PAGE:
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In 1995, 22-year-old Steven Mallory imagined a life completely unlike his own — one without gangs, drugs and welfare dependency. He imagined having a solid family and savings.

But in Dayton, Ohio, he had a job literally doing the city's dirty work: cleaning up after the garbage trucks dumped their load at the county incinerator.

He had been a fast-living teenage drug dealer, making about $500 or $600 a day. Given to fancy cars and expensive suits, he had been known on the streets of West Dayton as Monte Carlos.

Almost half a million veterans gained health care coverage during the first two years of the Affordable Care Act, a report finds.

Emirates Airline says it is reducing its number of U.S.-bound flights because security restrictions imposed by the Trump administration have weakened demand in Middle East countries.

The Dubai-based carrier will pare back flights to five of the 12 U.S. cities it serves. Flights to Boston, Seattle and Los Angeles will be reduced from twice to once daily, and in Florida, daily service to Orlando and Ft. Lauderdale will shrink to five flights a week.

Overall, it's a reduction of 25 flights per week for the airline, according to The Associated Press.

With its spindly legs, distinctive patterning, and absurdly long neck, the giraffe makes a compelling figure on the savanna. But the population of the world's tallest mammal has dropped sharply in recent decades – from about 150,000 in 1985, to fewer than 100,000 today.

Unicorn Frappuccino: A Digital Age Drink

Apr 19, 2017

If ever a drink were concocted to quench the thirst of social media, this may be it.

With its whimsical name, bright pink and blue swirl topped with a pillow of whipped cream and a pixie dusting of sprinkles, Starbucks' new Unicorn Frappuccino practically pleads to be posted.

And a glimpse at Twitter shows the frozen confection is indeed gaining attention.

On Sunday the first round of voting will be held in France’s presidential elections. With 10 percent unemployment and one of the slowest growth rates in the European Union, the country’s flagging economy has been an issue during the campaign.

CNN’s Maggie Lake (@maggielake) speaks with Here & Now‘s Jeremy Hobson about the state of the French economy.

Aaron Hernandez died by suicide Wednesday, less than a week after a jury cleared him of committing a double murder in 2012.

The former New England Patriots tight end was already serving a sentence of life without parole for another murder in 2013. Massachusetts state police have launched an investigation into Hernandez’s death, which authorities say occurred early Wednesday at the Souza-Baranowski Correctional Center in Shirley, Massachusetts.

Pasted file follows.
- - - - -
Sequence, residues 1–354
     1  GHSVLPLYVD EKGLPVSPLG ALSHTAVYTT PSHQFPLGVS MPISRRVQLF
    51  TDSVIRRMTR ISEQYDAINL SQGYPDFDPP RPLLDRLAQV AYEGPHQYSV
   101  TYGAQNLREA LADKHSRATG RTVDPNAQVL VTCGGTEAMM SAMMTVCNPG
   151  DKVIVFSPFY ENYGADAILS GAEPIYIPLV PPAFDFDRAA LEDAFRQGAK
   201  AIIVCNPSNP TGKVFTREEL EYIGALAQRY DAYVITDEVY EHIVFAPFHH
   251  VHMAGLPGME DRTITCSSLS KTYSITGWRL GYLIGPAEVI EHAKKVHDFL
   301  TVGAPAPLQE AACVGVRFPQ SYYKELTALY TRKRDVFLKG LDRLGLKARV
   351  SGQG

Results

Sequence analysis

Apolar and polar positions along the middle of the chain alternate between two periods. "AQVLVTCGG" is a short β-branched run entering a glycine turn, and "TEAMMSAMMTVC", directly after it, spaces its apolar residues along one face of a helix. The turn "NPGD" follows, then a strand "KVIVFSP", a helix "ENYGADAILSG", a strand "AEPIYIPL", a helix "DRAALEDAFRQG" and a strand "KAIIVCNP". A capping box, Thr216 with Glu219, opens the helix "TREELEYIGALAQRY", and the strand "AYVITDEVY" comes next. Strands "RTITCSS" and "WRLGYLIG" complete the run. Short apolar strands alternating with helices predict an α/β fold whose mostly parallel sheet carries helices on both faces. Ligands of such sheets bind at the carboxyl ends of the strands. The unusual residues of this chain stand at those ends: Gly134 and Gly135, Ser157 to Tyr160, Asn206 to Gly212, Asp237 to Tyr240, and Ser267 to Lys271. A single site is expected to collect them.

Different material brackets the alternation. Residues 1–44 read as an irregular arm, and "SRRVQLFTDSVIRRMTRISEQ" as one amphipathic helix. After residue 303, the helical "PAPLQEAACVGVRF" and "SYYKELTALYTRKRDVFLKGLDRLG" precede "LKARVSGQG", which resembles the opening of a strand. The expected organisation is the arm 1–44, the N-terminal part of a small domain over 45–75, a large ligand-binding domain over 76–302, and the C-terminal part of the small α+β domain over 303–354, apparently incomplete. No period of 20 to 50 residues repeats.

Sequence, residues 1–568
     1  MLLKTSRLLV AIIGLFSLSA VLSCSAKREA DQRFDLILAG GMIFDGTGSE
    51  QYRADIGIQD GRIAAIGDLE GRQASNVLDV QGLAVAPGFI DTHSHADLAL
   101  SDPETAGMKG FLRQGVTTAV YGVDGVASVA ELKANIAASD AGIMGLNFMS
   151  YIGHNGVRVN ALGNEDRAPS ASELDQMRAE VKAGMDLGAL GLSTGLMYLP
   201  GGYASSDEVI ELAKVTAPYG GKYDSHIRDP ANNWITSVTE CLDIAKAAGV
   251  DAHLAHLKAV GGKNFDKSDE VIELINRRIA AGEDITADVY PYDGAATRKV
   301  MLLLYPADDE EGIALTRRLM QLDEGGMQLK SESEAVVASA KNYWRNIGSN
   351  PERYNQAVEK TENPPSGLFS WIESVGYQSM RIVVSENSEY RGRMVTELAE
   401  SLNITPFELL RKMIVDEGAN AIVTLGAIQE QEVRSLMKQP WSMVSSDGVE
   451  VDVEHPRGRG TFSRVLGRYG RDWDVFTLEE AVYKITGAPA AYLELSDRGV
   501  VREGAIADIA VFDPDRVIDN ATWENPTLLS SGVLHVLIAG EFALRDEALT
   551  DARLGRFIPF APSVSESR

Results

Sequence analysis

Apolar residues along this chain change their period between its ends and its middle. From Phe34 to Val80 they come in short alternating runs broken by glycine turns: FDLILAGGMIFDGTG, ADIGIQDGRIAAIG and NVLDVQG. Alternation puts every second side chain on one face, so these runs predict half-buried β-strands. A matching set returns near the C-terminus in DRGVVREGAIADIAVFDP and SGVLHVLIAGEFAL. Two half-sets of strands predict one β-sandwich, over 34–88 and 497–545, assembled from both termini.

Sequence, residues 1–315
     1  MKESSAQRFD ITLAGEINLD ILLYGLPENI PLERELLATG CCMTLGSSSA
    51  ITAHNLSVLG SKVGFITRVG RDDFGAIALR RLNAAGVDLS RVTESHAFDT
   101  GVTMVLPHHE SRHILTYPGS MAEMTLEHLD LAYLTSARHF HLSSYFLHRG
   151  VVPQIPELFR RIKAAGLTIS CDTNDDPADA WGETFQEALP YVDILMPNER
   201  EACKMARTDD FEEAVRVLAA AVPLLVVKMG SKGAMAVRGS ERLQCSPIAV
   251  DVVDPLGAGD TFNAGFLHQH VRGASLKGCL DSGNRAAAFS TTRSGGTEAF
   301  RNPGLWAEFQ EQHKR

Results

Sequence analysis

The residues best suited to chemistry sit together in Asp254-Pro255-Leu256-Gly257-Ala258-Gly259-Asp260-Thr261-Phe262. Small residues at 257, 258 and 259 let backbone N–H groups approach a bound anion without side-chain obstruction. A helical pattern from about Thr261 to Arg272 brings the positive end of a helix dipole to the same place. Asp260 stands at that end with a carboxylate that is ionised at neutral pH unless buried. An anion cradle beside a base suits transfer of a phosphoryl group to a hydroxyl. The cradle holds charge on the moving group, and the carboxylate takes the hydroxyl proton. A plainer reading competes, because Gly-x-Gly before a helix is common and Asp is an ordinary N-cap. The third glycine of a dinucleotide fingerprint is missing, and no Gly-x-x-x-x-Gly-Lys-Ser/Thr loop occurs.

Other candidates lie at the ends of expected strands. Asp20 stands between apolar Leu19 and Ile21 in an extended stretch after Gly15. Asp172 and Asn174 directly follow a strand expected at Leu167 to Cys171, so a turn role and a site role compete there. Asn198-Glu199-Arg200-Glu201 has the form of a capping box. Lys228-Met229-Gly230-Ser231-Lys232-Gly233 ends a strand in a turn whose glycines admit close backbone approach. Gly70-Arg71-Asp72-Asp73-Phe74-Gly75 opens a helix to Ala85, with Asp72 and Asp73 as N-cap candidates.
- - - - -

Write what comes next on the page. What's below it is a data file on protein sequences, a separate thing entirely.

A shooting rampage in Fresno, California, that lasted just a few minutes on Tuesday has killed three people. Officials say the suspect, Kori Ali Muhammad, might have been racially motivated. He reportedly posted comments on social media expressing hatred toward white people.

Here & Now‘s Jeremy Hobson speaks with Jeffrey Hess, reporter for Valley Public Radio, to get the latest.

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It's a fix that hasn't fixed much, but the troubled Veterans Choice program has been extended anyway.

On Wednesday, President Donald Trump signed a bill extending the program intended to speed veterans' access to health care beyond its original August end point.

An inauguration is an expensive party to throw, and President Trump got plenty of help putting his on. Financial Election Commission disclosures released on Wednesday show that some uberwealthy donors helped Trump defray the cost: Million-dollar givers included investment firm founder Charles Schwab, mining entrepreneur Christopher Cline and Bank of America. Investor and casino tycoon Sheldon Adelson spent $5 million.

If you thought it was odd that a special election in the Atlanta suburbs got so much national attention, you haven't seen anything yet.

So far, much of the focus has been on Democrat Jon Ossoff — and with good reason. The Democratic base rallied around him and made the election a referendum on President Trump.